How did you get interested in what you do? What advice was available to you when you chose this career direction?
I was always interested in sport when I was growing up.
My Father worked in a Management Role in NHS and so I had an interest in Health Care.
Initially, however, I chose my work experience placement in an engineering role since I also had an interest in this field and enjoyed maths and physics. However I did not enjoy my work experience, as I realised I wanted a people focussed role in my future.
Careers advisors at school and a friend of the family suggested Physiotherapy. I obtained information about the University Courses and then organised independent work experience with two different physiotherapists – one working on hospital wards and one working in an out-patient clinic and I really enjoyed both experiences therefore decided to follow this path.
What was your journey to reach the role you are in today?
I went to school in Northern Ireland so at the time the requirements for entry to Physiotherapy Courses were 3 ‘A’ Levels, 2 of which had to be sciences. The required grades were 3 B’s. I then undertook a 4 year BSc Honours Degree course. All the courses in Scotland (Edinburgh, Glasgow and Aberdeen) are now 4 years Honours Courses.
I qualified in 1991 and consolidated my knowledge by taking on a junior physiotherapy role at a large teaching hospital in Northern Ireland. This is a great way of starting your career because you are in a rotational role, which allows you to spend anything between 4-8 months in each clinical area.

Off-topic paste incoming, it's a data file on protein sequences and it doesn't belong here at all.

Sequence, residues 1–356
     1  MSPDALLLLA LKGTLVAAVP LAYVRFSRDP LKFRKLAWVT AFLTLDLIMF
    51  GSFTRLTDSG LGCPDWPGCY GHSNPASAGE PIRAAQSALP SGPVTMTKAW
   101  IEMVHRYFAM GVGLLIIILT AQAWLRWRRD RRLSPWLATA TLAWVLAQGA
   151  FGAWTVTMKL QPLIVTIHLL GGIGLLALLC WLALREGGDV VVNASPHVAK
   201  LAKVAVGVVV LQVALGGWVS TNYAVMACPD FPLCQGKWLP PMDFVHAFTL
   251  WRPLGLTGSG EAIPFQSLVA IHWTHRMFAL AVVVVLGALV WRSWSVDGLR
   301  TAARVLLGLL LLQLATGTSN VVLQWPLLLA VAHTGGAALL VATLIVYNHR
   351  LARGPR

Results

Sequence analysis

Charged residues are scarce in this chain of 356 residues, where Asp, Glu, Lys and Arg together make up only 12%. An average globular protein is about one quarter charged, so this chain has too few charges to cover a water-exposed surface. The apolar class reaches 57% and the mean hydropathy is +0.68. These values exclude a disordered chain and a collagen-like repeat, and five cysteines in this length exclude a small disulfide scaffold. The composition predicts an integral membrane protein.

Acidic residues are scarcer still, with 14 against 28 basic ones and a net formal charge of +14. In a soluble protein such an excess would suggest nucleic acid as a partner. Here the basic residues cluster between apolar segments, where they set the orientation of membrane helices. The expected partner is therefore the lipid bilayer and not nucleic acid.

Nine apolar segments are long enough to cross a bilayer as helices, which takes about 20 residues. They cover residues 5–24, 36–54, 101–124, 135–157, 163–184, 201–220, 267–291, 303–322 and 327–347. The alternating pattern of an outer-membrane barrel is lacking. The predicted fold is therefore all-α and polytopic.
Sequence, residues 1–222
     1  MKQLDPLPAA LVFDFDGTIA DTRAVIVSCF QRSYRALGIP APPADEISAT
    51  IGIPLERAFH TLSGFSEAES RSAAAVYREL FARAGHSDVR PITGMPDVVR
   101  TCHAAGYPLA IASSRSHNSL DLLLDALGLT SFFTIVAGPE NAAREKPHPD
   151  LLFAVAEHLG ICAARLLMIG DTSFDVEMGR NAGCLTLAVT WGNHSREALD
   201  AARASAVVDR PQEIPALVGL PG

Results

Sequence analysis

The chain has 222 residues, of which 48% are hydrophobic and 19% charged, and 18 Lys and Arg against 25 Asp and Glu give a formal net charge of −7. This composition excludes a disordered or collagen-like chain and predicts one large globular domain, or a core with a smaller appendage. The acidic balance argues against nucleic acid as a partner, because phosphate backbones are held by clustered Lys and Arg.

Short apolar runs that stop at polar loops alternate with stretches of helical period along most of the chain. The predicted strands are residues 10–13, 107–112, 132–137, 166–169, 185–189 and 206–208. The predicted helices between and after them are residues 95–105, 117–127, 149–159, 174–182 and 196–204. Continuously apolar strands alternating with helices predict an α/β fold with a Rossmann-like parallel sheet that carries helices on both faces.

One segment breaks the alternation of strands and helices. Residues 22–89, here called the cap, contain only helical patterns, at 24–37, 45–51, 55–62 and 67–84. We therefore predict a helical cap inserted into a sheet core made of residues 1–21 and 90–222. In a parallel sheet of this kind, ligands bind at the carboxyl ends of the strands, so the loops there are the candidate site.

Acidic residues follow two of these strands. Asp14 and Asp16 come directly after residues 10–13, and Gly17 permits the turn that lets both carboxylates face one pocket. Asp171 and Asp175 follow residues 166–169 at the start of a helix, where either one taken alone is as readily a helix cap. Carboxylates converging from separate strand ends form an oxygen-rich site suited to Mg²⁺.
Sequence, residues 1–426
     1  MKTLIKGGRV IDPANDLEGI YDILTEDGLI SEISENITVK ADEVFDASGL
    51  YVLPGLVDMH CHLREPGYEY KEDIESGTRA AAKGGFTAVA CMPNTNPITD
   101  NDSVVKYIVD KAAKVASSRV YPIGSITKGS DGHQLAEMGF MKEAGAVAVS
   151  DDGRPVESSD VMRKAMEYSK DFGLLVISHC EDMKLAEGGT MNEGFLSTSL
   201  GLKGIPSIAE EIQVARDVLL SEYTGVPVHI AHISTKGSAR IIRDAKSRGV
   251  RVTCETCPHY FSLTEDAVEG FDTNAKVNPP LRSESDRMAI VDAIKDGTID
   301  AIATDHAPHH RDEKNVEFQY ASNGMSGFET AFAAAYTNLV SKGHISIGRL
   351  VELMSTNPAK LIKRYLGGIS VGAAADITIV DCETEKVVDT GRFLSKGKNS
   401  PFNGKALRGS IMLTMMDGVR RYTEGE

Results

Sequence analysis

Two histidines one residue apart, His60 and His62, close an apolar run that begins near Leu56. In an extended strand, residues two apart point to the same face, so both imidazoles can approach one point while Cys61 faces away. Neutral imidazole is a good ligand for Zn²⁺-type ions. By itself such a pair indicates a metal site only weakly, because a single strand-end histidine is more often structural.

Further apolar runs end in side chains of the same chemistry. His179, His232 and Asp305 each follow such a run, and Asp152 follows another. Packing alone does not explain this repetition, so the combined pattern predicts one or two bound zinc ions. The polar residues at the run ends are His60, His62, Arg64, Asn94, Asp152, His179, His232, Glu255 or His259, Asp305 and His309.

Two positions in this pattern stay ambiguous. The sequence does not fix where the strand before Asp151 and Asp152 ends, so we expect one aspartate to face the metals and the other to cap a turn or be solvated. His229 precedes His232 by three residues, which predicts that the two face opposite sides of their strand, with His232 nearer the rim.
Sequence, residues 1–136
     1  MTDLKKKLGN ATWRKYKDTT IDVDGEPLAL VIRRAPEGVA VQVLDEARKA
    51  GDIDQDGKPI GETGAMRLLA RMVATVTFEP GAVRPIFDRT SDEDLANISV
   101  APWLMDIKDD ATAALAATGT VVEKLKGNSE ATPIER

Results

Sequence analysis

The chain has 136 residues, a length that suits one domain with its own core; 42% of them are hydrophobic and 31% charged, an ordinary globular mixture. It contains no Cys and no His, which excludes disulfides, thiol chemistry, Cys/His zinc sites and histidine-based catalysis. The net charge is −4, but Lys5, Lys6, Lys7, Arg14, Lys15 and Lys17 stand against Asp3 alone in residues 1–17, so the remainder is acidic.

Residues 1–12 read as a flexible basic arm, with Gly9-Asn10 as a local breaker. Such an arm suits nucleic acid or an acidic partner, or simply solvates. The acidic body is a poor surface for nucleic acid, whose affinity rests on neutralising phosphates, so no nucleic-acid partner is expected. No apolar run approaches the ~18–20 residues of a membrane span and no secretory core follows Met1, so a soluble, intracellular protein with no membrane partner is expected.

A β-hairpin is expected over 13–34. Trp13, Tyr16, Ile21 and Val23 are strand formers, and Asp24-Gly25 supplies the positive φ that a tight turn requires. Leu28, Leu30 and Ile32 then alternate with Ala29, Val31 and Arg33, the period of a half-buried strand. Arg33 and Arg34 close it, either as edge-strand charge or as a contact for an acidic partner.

Physiotherapists have many different roles:
· Sports Injuries in an out-patient setting;
· Neurological Rehabilitation – helping people regain function after a stroke, traumatic brain injury or neurological condition such as Multiple Sclerosis or Parkinson’s Disease;
· Chest Physiotherapy – helping people with Cystic Fibrosis or breathing difficulties such as asthma or Obstructive Lung Disease;
· Orthopaedics and Trauma – helping people regain function after joint replacement or a broken bone;
· Care of the Elderly- helping elderly people to stay as independent as possible and deal with health issues;
· Paediatrics – working with children:
· Lifestyle Management Programmes – helping people to manage long-term conditions using their own resources and local community assistance – reducing their dependency on the health-care system.
After working for two years to consolidate knowledge Physiotherapists will then often choose one of the specialities to work in and will then progress their career in this field. However there is scope to change as many of the skills learned are transferrable. I for example first specialised in Orthopaedics and Trauma but then changed to working in Neurology and have now taken those skills into Lifestyle Management and Private Practice Role.
Throughout your career there is a responsibility to stay up-to-date with the latest research and evidence based practice so Continuing Professional Development and attendance at post-graduate courses is essential.
I have gained qualifications in acupuncture, mobilisations and manipulations for treatment of joint and spinal conditions, specialist neurological treatment techniques and have also trained as a Pilates Instructor especially for people with joint and back problems.